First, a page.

- The Princess and the TIn Box
"The Princess and the Tin Box" by
James Thurberis a short fable about a spoiled princess and how she picked her husband.
Once upon a time, in a far off country, there lived a king whose daughter was the most beautiful in the world. From the minute of her birth, expensive gifts were lavished upon her. All her toys were made of gold or platinum and other precious gifts. China dolls or wooden blocks or linen books were not given to her as they were deemed too cheap for a beautiful daughter of a king.
When it came time from the princess to marry, five princes from neighboring kingdom came to her and presented her with gifts. The first prince brought her an enormous golden apple, the second prince brought her a nightingale of a thousand diamonds, the third prince brought her a great jewel box made of sapphires and diamonds, and the fourth prince brought her a gigantic heart made of rubies pierced by an emerald arrow.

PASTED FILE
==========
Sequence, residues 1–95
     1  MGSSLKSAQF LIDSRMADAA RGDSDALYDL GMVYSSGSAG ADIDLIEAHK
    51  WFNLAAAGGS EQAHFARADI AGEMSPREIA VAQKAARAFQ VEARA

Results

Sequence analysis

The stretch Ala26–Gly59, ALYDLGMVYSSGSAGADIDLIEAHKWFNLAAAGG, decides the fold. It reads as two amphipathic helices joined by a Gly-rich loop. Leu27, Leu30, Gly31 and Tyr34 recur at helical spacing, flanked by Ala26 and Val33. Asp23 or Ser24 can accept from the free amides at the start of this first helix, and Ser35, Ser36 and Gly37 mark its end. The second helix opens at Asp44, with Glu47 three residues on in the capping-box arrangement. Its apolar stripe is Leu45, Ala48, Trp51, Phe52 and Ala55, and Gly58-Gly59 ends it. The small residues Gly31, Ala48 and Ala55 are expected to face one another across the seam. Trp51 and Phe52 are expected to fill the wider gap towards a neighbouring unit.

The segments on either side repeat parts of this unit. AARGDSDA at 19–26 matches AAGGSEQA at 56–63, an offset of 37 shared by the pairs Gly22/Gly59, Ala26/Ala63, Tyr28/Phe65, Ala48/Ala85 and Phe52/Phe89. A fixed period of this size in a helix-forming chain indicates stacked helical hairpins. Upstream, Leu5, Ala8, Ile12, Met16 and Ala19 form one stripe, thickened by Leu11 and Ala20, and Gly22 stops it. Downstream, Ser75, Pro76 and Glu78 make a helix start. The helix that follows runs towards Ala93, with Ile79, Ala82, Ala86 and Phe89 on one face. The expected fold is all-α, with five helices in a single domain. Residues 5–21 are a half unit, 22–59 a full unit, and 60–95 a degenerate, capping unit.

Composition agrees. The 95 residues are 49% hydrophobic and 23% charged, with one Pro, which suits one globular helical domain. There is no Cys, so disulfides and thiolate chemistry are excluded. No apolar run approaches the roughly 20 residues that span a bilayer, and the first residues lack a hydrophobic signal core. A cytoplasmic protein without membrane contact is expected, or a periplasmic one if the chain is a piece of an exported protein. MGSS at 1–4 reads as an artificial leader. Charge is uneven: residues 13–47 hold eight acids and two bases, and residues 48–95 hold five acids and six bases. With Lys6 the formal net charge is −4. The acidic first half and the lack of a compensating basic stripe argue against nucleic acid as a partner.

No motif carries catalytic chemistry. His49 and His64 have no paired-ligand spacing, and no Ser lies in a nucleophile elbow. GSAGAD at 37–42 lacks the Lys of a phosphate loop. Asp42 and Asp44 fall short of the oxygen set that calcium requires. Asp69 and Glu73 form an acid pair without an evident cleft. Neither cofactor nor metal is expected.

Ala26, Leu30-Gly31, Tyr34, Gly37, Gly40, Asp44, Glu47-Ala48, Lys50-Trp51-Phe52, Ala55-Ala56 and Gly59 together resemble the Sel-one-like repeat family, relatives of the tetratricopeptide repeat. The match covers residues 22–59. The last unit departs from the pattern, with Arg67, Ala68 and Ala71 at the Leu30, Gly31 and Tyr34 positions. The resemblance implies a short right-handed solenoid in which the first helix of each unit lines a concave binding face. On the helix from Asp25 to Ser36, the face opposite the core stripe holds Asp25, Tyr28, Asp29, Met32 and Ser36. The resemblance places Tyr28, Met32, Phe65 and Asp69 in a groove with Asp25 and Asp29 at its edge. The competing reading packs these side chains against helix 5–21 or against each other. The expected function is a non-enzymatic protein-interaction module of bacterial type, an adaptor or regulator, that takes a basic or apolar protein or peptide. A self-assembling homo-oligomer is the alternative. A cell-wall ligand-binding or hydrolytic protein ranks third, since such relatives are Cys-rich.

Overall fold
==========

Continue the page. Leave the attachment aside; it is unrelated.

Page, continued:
The fifth prince was the strongest and the handsomest of all the suitors but unfortunately, the poorest. His kingdom had been overtaken by mice, locusts, wizards, and mining engineers so that nothing much of value was left. He brought to the princess a tin box filled with mica, feldspar, and hornblende which he had picked along the way.
The king told the princess to select the gift she liked best and then she would marry the prince who brought it. The princess admired the first four gifts but examined the tin box with great interest for in all of her life she had never seen tin or mica or feldspar or hornblende.
After careful consideration, the princess selected the gift she liked best: the platinum and sapphire jewel box, her logic being that she would meet more admirers who would give her gifts in which she could put in the box. The princess married the third prince that very day.
"All those who thought the princess was going to select the tin box filled with worthless stones instead of the other gifts will kindly stay after class and write one hundred times on the blackboard 'I would rather have a hunk of aluminum silicate than a diamond necklace."'
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